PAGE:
In 2021, insurers will need to respond to questions during their examinations on how they incorporate financial risk from climate change into their governance, risk management and business strategies, and start to develop an approach to disclosing the financial risks from climate change. In the circular letter NYSDFS sent to New York insurers in September, the physical and transition risks on both sides of insurers’ balance sheets – underwriting and investments – were emphasized (16:43-26:00).

We explicitly integrate ESG factors into the investment process. We believe this best allows us to adhere to our fiduciary duty 

Matt Daly, CFA, Conning Investment Management, 27:45

Mr. Daly carried on the conversation to describe current investment practices at Conning. The firm’s career industry investment analysts provide internal ESG ratings and research notes allowing for the integration of that analysis directly into both their overall assessment of the issuer credit profile and within their relative value investment framework.

But beyond their established investment practices, clients are making requests as well. Upon request, Conning monitors and reports on carbon intensity and transition risk for many European clients. But Mr. Daly noted that US clients are beginning to focus more on ESG issues due to demand from various constituencies, boards, shareholders, investment committees and regulators (27:03-35:28).

Because our liabilities are long tailed, we tend to favor longer duration assets, which of course, means that risks like climate change are front and center in the portfolio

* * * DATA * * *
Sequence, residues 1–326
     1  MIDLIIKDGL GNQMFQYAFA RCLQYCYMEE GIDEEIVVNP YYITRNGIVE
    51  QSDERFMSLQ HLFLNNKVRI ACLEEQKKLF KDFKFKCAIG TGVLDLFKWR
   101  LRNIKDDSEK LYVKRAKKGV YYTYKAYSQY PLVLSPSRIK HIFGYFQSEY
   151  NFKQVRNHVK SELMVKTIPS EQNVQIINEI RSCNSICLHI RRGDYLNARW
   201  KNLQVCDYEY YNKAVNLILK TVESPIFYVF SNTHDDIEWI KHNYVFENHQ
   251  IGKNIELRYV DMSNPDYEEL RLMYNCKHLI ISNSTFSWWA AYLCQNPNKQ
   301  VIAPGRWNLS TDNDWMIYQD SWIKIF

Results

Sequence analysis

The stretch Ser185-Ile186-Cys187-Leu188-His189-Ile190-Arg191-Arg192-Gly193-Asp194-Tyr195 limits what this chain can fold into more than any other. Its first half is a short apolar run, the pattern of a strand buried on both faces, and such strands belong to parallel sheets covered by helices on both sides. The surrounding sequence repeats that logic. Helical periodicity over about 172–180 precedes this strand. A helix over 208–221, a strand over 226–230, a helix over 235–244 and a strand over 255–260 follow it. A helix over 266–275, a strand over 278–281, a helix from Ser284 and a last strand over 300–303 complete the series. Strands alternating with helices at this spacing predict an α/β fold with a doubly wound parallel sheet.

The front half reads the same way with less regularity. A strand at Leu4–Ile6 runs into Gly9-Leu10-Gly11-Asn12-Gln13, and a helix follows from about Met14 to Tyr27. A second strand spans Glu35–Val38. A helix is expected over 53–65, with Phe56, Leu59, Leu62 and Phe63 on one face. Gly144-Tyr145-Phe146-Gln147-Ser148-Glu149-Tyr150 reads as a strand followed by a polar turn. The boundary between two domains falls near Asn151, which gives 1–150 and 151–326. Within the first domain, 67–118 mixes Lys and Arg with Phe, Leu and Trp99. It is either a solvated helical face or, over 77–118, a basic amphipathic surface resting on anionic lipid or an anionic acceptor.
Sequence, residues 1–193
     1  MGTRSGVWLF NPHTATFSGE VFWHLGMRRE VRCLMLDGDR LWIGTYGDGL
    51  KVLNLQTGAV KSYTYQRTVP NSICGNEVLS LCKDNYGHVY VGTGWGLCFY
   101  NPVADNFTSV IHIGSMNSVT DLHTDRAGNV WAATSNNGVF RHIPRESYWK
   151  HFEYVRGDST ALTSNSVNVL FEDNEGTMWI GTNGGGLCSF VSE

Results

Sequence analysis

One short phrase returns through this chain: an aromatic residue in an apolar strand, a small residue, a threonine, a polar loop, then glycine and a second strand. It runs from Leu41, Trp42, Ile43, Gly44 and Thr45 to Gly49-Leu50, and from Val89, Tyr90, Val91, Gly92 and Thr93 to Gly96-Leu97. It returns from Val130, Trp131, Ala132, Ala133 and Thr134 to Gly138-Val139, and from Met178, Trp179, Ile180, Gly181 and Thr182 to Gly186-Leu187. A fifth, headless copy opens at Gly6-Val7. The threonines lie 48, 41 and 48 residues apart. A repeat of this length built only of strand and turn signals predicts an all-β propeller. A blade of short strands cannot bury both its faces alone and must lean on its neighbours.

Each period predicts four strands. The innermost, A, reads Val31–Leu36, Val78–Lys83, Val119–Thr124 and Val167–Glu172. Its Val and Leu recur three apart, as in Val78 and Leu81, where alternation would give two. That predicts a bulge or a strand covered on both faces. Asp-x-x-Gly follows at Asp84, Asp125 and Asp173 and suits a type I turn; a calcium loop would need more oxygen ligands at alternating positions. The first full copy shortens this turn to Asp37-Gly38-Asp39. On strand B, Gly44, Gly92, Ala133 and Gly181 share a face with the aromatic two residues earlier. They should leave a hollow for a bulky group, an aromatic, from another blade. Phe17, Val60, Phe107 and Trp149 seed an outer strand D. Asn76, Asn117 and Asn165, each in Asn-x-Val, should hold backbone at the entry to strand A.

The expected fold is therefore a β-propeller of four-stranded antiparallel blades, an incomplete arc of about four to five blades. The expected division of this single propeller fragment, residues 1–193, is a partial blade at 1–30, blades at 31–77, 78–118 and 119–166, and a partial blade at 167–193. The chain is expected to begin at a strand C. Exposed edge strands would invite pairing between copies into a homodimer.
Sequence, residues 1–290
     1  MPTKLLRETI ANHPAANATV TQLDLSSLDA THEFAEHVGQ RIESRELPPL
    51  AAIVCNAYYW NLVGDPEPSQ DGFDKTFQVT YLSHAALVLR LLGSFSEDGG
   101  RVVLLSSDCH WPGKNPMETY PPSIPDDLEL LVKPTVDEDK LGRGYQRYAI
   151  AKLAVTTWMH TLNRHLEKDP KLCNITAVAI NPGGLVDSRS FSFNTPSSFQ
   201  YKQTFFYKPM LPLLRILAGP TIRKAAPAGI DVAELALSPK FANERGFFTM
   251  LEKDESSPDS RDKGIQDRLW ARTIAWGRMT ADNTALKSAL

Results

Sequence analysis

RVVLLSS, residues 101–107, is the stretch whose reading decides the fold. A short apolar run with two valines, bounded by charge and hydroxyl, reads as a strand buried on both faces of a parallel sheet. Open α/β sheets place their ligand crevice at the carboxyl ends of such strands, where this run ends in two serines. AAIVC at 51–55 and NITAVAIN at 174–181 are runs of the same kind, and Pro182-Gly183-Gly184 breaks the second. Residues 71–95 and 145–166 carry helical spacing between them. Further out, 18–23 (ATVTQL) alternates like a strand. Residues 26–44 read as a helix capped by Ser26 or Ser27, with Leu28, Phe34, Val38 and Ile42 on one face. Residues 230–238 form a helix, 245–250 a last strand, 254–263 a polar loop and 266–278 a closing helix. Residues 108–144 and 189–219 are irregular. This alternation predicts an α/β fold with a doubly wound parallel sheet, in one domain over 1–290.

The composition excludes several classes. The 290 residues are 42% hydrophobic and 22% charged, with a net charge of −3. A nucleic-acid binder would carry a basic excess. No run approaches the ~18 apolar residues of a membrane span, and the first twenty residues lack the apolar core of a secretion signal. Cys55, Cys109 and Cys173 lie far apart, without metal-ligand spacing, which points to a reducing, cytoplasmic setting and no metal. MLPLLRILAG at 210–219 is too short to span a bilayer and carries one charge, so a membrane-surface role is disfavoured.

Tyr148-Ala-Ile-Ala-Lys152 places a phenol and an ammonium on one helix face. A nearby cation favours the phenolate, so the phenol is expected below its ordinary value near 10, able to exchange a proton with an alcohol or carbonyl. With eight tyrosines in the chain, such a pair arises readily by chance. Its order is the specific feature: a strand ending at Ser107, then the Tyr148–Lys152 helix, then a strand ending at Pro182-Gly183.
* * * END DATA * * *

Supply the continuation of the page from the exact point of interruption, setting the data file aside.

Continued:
Emily Weiner, TIAA General Account, 37:18

Ms. Weiner also cited ESG incorporation as a means of meeting fiduciary duty and achieving optimal portfolio investment outcomes. But, the evaluation of climate risk to the portfolio actually resulted in two specific investment actions for the fixed income portfolios of the TIAA General Account.

One was taken in response to the identification of a “carbon hotspot” that built up due to an investment preference for long dated securities in a favored high-quality sector, utilities. Once identified, the team instituted a swap program, which, after two years reduced exposure in their corporate fixed income portfolio. This ultimately reduced the carbon footprint of that portfolio by 3% without an adverse impact on its yield. The second action was to incorporate scenario-based data to consider physical risks to the portfolio in the context of making investment decisions in their municipal bond portfolio. They will look to expand this process to other sectors in 2021.

Join us on 14 December for the next in the series, where we will continue the conversation with investors of insurance company assets.

 

 

This blog is written by PRI staff members and guest contributors. Our goal is to contribute to the broader debate around topical issues and to help showcase some of our research and other work that we undertake in support of our signatories. Please note that although you can expect to find some posts here that broadly accord with the PRI’s official views, the blog authors write in their individual capacity and there is no “house view”. Nor do the views and opinions expressed on this blog constitute financial or other professional advice. If you have any questions, please contact us at blog@unpri.org.